This Area of Focus, "Root Causes of Migration," aims to get beyond rhetoric in the immigration debate and study why 200 million people in the world today are "on the move." For years, the debate on immigration has centered on prevention policies and deportation, on prejudice and fear. Yet this mainstream debate does not engage the root causes of migration or the systems and structures causing "the forced movement of the poor," as Mexican priest and human rights leader Alejandro Solalinde defines current human migration patterns.
CUSLAR's "Root Causes of Migration" initiative sponsors events and produces study materials to educate ourselves and others about:
The history of immigration in the United States, connecting it to today’s realities in the “border state” of New York, where over 40,000 migrants work in agriculture and immigrants account for 43 percent of New York City’s workforce.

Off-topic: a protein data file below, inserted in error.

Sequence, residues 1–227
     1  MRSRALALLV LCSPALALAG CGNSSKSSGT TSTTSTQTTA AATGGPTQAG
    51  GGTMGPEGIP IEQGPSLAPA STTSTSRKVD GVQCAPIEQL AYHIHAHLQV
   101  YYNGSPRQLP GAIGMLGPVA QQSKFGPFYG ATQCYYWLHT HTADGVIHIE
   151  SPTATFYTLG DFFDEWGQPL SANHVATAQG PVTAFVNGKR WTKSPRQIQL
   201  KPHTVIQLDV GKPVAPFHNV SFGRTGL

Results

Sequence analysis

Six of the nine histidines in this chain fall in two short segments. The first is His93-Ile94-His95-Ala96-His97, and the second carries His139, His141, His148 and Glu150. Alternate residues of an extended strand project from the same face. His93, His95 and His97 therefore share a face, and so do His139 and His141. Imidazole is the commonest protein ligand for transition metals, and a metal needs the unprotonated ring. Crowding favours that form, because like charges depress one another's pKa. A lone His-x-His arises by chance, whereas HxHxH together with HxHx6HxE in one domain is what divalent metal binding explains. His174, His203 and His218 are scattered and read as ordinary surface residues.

Past and present immigration policy in the United States, and current anti-immigrant legislation.
Economics and immigration: Why do people leave their homes and families? Who is leaving? Who is staying? What are the effects on sending and receiving communities? Who are the winners and losers?
Dangers of the migrant route and human rights violations against migrants: who takes advantage of migrants and who defends them?